Health Scan: Vioxx - gone but not forgotten

Researchers have found the drug can prevent headaches like those commonly felt during fasts such as Yom Kippur and Ramadan.

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October 21, 2006 22:07
4 minute read.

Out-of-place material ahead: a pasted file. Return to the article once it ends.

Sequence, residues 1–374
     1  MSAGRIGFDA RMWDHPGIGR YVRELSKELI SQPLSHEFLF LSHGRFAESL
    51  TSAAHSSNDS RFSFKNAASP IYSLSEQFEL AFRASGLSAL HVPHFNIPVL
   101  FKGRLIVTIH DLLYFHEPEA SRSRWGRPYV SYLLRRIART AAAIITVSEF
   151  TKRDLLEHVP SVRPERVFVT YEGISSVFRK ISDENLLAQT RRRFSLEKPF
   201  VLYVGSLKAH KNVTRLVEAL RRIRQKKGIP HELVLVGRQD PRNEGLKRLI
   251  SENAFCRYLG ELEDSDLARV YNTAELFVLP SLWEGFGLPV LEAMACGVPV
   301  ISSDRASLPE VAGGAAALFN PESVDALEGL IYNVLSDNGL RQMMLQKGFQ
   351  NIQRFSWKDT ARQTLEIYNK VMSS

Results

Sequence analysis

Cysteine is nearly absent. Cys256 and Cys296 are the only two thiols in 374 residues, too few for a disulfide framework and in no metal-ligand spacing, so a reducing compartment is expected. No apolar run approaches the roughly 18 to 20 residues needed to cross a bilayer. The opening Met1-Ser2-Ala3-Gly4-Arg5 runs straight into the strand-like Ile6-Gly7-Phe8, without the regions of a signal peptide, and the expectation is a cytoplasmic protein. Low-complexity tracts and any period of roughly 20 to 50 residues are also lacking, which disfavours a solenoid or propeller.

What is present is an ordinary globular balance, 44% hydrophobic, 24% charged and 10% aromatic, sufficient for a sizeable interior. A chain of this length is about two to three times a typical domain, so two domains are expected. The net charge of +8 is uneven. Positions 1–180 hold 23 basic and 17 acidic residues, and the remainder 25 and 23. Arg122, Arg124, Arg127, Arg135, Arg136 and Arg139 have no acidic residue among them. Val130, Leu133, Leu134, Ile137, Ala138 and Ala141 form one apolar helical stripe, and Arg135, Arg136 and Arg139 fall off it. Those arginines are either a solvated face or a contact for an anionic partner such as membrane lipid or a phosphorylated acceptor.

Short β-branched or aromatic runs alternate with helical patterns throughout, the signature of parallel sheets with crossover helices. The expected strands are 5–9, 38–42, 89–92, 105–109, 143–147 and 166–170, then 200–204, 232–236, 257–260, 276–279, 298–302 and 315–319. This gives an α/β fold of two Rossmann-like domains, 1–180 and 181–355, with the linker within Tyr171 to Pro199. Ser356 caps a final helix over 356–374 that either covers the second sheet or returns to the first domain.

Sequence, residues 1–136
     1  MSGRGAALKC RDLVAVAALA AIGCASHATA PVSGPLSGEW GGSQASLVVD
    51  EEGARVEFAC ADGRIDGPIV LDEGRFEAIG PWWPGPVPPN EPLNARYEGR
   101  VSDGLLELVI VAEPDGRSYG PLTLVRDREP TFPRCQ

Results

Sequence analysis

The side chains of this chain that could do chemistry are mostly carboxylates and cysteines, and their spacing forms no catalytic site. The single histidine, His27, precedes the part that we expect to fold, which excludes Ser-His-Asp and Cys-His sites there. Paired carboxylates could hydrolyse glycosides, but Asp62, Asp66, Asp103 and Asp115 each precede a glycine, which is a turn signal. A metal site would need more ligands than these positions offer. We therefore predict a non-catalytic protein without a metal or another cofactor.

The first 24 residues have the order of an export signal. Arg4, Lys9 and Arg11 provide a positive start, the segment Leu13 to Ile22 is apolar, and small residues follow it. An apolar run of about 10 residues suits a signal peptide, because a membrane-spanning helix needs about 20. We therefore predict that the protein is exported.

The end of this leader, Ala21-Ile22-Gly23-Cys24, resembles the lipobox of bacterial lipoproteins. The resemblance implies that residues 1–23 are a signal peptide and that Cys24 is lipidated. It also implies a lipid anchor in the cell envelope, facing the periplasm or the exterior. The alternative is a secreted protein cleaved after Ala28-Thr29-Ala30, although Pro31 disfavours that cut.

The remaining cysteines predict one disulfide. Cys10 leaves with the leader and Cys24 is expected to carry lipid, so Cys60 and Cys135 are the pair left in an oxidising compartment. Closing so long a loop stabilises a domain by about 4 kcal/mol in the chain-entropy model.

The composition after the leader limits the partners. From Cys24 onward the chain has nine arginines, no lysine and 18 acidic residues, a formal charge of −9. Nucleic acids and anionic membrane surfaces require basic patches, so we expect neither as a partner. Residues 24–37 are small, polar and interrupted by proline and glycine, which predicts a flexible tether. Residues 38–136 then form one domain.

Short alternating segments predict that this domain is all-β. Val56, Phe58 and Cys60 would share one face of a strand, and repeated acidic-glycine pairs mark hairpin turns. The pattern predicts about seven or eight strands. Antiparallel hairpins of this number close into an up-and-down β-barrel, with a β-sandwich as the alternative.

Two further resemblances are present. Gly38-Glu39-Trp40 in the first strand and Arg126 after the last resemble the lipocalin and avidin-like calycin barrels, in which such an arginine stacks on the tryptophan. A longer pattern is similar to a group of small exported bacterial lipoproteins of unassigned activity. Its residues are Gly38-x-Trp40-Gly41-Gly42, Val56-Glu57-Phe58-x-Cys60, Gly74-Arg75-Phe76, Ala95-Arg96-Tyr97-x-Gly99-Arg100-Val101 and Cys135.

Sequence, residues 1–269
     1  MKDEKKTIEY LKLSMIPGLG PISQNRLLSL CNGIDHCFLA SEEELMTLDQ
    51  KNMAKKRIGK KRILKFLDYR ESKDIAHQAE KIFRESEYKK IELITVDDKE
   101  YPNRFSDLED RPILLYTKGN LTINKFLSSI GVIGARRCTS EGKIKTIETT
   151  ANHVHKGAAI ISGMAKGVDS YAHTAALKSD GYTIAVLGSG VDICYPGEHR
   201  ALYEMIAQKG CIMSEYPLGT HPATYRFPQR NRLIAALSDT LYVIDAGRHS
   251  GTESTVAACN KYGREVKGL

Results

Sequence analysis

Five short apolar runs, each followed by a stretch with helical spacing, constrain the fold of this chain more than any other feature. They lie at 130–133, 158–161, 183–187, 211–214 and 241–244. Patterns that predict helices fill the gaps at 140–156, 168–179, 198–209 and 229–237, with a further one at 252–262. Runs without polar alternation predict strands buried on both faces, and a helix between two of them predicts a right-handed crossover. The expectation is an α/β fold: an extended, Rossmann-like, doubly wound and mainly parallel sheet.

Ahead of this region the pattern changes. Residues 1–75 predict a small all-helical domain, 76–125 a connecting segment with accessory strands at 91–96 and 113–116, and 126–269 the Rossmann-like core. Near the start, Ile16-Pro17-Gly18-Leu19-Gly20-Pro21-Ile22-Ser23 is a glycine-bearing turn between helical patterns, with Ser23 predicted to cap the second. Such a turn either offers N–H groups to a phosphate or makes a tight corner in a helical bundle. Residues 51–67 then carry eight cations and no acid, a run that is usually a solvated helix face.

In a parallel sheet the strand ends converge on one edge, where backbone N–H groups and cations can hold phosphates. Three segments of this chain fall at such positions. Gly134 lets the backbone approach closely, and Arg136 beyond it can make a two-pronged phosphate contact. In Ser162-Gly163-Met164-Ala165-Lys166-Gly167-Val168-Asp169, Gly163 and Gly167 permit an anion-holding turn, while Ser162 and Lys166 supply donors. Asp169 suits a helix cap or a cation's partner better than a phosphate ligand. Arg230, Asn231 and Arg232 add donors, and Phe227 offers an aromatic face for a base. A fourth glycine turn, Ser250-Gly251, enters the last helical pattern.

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Exactly two years ago, the world's most popular arthritis and acute pain drug, Vioxx, was withdrawn after a major study found it increased risk for heart attack and stroke. But researchers nevertheless continued to study its effects, and a team at Sheba Medical Center in Tel Hashomer have found it and other COX-inhibitor drugs can prevent headaches like those commonly felt during fasts such as Yom Kippur and Ramadan. Dr. Michael Drescher and colleagues recently published in Headache: The Journal of Head and Face Pain the results of a study they conducted using the pain reliever. Drescher's team assembled a group of 105 people between 18 and 65, all of whom had a history of Yom Kippur headaches, to participate in a double-blind clinical trial. Half received 50 milligrams of rofecoxib (the generic name for the drug), while the rest received a placebo. All were asked to report whether they had headaches, their intensity and how they felt in general. Of those who received the drug, only 18.9 percent had headaches while fasting, compared with 65.4% of those who took the placebo. Those on Vioxx who did have headaches reported they were milder than those who took the placebo. But a couple of days after the study was finished, the Merck pharmaceutical company withdrew the drug from shelves around the world. Drescher does not recommend looking for illegal supplies, but believes other COX inhibitors that are still legal, such as Celebrex, may be just as helpful, even though it has shorter-term effects. In any case. COX inhibitors are prescription drugs, and a physician must be consulted. POMEGRANATE JUICE BOON Men who have prostate cancer may be able to prevent or delay a recurrence if they drink pomegranate juice, according to research at the University of California. They gave the juice on a regular basis to one group of survivors and none to a control group. The prostate-specific antigen in their blood, which is a marker for prostate cancer, was found to remain lower among those who drank the juice. Published in Clinical Cancer Research, the study induced Israel Cancer Association chairman Prof. Eliezer Robinson to note the ability of powerful antioxidants such as those in pomegranate juice to prevent the growth of tumors or shrink existing ones. "This study joins previous ones that clearly show eating vegetables and fruits containing antioxidants can help prevent the development of cancer. We call on the public to adopt a diet rich in vegetables and fruits." Antioxidants are found in abundance in yellow and red peppers, corn, melon, mango, tomatoes, apples, strawberries, watermelon, sweet potatoes, oranges, persimmons, clementines, broccoli, green grapes and kohlrabi. Eating produce of a variety of colors is best. A separate study at the University of Wisconsin, conducted on mice, found that pomegranate juice injected into the rodents suppressed human prostate cancer cells. RAMBAM'S PLEASANT SURPRISE Rambam Medical Center in Haifa had unpleasant surprises during the war in the North, when it was hit by Hizbullah rockets. But it has received a very pleasant surprise -- a $15 million donation from the Rappaport family of Switzerland, who have offered to build a new children's hospital building on campus. During the second week of the war, hospital director-general Prof. Rafael Beyar got a call from the Rappaports - for whom the Technion's medical faculty is named - and was asked what he would do if an anonymous donor gave the hospital a "generous sum." Beyar, who did not know who was planning on giving, referred the family to Prof. Amos Etzioni, head of the Mayer Children's Hospital on campus. LAUREATES GET RESEARCH GRANTS A total of $1.65 million in grants for cancer research will be awarded to 52 Israeli scientists for the 2006/07 academic year by the Israel Cancer Research Fund (ICRF) - the North American organization that underwrites promising cancer researchers. Profs. Avram Hershko and Aaron Ciechanover of the Technion, recipients of the Nobel Prize in Chemistry in 2004, and Prof. Howard Cedar of Hebrew University-Hadassah Medical School lead the list of ICRF awardees. Each obtained ICRF professorships - the highest designation - and is receiving $50,000 a year for seven years. Hershko and Ciechanover were the first Israelis to receive the Nobel Prize in the sciences; their Nobel was for the discovery of the ubiquitin system of regulated protein degradation, which led to the drug Velcade for multiple myeloma (a cancer of the bone marrow). ICRF began funding their research in 1984. Cedar, a recipient of the Israel Prize in biology, is conducting pioneering research in DNA methylation - a molecular process that turns genes on and off. Research by another ICRF grant recipient, Prof. Eli Canaani of the Weizmann Institute, led to the development of the important cancer drug Gleevec, the first to directly target cancer cells, and which is now being used for leukemia. Canaani, whose studies have been funded by ICRF since 1981, is receiving an ICRF Project Grant of $30,000 per year for 2006/07 for his studies of the ALL-1 gene, which is directly involved in acute leukemia, particularly in infants. ICRF's scientific review panel, comprised of 36 physicians and cancer researchers from across the US and Canada, selects the recipient each year through a rigorous peer review process similar to that used by the US National Institutes of Health. Winners of ICRF's annual grants are Israel's most prominent and promising scientists, said ICRF chairman Dr. Yashar Hirshaut, a noted oncologist who is associate professor of Weill-Cornell Medical College-New York Hospital. In addition to the four noted above, these institutions this year are: Bar-Ilan University, Ben-Gurion University of the Negev, Sheba Medical Center, the Hadassah Medical Organization and Tel Aviv University.